Not Your Typical Gig: Cowboy

In this recurring column, Not Your Typical Gig, we interview men with out-of-the-box careers to get a glimpse of what goes on behind-the-scenes of their unusual jobs. 

NAME: Thomas B. Saunders V
AGE: 59
CITY: Weatherford, Texas
COMPANY: Twin V Ranch

How would you describe what you do for a living?

I supply America with beef, and in the process, I’m making a living for my family by providing for my wife and putting my children through college. I’m trying to perpetuate my profession onto my future generations. It’s a lot more than just raising cattle. It’s a way of life. 

Yes, we have cows, we have calves, we have yearlings, we produce rodeos, and we raise a lot of good horses, but in the process, we raise our families. We show them how to take care of animals, be good stewards of the land, how to survive all kinds of weather, to love their mother, and to cherish their heritage. It’s important. 

You got to have a cause fit to fight for, and you need to be fit enough to fight for that cause.

How long have you been doing this?

I have been doing this my whole life, and when I was old enough to go, I went. I’m 59 years old, and I was born to it.

How did you get into this line of work?

I am the sixth generation of my family to run cattle and horses in Texas. The five generations of Saunders before me ran cattle and horses, and that’s all we’ve ever known.

What kind of skillset does it take to break into this line of work?

It’s not easy to do what we do, and it never has been. It takes a lot of perseverance—you need to be able to get up earlier and stay later. You need to be able to work well with your hands, be fast on your feet, and quick to think. It certainly isn’t a 9-5 job. It’s the can till we can’t. 

On our ranch, we do most of our cattle work horseback. The reason we have horses is because we have cattle. You need to learn how to rope, how to ride, and you need to learn how to read stock. It takes skill to know what a cow is telling her calf. It’s not easy, and if you aren’t prepared to work hard and learn, then you should probably get a job in town.

What does your workday look like from the time you wake up?

It’s early till late for us. My mother is 85 years old and still cooks us breakfast every morning at 6:30. We get our daily chores done, and work until we’re done. Depending on the time of year we sometimes finish early and every man’s time is his own; and in the busy times of the year, we stay until we run out of daylight. Wherever we quit that day is where we pick up the next day.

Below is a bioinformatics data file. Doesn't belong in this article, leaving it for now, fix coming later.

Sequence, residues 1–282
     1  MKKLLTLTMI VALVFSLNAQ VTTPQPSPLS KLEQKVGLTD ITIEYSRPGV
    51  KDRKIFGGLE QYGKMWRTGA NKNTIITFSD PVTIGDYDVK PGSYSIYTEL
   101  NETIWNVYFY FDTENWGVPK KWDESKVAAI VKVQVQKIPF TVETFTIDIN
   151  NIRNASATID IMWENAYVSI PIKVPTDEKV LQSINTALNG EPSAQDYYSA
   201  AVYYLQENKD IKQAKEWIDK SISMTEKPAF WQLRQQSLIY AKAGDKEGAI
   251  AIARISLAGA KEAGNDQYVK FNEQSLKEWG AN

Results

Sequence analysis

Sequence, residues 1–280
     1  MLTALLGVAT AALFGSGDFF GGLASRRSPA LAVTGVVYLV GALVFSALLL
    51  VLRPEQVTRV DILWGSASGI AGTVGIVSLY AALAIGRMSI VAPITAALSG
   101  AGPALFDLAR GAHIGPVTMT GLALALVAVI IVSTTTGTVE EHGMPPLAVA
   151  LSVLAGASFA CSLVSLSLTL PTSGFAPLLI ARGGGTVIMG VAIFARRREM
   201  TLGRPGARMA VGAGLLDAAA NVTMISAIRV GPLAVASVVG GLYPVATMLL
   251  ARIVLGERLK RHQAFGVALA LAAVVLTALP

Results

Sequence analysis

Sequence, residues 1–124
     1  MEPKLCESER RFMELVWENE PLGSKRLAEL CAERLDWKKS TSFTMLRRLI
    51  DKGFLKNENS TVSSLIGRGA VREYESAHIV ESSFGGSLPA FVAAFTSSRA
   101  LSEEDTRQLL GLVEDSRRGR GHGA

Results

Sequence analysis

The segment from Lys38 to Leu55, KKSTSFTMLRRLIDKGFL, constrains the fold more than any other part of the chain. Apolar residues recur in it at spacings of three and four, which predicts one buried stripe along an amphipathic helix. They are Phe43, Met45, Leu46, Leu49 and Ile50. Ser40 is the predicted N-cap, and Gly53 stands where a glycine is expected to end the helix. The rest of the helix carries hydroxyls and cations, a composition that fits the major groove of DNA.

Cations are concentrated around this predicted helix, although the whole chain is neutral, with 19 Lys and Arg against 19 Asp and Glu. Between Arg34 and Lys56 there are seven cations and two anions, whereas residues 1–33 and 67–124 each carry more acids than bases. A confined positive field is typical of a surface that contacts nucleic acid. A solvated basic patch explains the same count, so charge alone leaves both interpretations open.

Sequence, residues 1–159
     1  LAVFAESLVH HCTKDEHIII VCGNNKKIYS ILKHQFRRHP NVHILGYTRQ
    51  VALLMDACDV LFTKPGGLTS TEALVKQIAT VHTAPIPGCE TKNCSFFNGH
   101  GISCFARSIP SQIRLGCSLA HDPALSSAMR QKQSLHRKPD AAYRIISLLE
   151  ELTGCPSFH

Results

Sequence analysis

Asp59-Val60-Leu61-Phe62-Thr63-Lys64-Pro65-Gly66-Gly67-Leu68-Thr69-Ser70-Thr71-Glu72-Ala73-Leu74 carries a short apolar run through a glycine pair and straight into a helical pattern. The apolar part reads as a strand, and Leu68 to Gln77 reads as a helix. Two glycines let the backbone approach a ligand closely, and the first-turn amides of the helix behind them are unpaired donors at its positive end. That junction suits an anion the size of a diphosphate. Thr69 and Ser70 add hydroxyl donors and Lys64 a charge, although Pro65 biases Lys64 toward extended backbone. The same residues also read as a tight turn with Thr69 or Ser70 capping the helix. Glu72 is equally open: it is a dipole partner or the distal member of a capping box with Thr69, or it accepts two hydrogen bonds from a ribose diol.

What is the most exciting, if possibly dangerous part of your job?

In the spring we start our colts and it can be fairly dangerous if you don’t know what you’re doing. We take it seriously, and a man has to have his head on straight and have a deep respect for horses to be able to handle them. Handling cattle can be dangerous, especially gathering up bulls in the heat of the summer. Bulls can be pretty rank and hard to handle in the heat, so you need to have a man next to you that knows what his job is and where to be. Dangers don’t really bother us a lot.

Favorite part of the job?

Probably things that everybody else thinks are dangerous.

Least favorite part of the job?

Managerial tasks like office work, doing the books, etc. and anything that gets in the way of cowboyin’.

How has the pandemic affected your job?

To tell the truth, it hasn’t. Our work hasn’t slowed down. It didn’t change us much other than the cattle market affecting prices of beef, and the workers in the processing plants being infected causing a plant to shut down, which hurt the market as well.

Please tell us about a moment that made you love your job even more?

Springtime is a big time for us. It’s fun to see things green up, flowers are blooming, cows are calving, and we’re branding all the new calves. We’ll brand in the morning and ride our colts in the evening, and it doesn’t get much better than that.

Are there aspects of the job that made you think—this is crazy, why am I doing this?

Yes, sometimes you work 8 days a week to try and make everything go right, and you have things just like you want it as far as the key components of your business is concerned–all your cows are bred, you get every calf on the ground and healthy, you get them to weaning, and you grow them to 750 lbs, and they don’t sell for enough at market to cover what it costs to get them to that point. That’s very disappointing, and it’s a shame that we don’t have control over our own destiny.

What does the job require you to wear?

I wear handmade boots by Clay Miller at Ramblin’ Trails Boot Company in Fort Worth, Texas. I wear Wrangler jeans and shirts, and I wear an American hat. To tell the truth, as far as being a cowpuncher goes, as long as you got the top covered with the right hat in the right manner, and you’ve got a pair of boots on that compliment you and are a comfort to your feet, whatever comes together in the middle really doesn’t make much difference.

What essentials does the job require? 

You need to have a pair of leggings/leather chaps, a pair of spurs, a lariat rope, a good horse, a good saddle that fits the horse you’re riding, and a bridle and bit that fits right for the horse so that horse can perform to excellence. Bits, saddles, and leather goods for a cowboy are like jewelry for anybody else.

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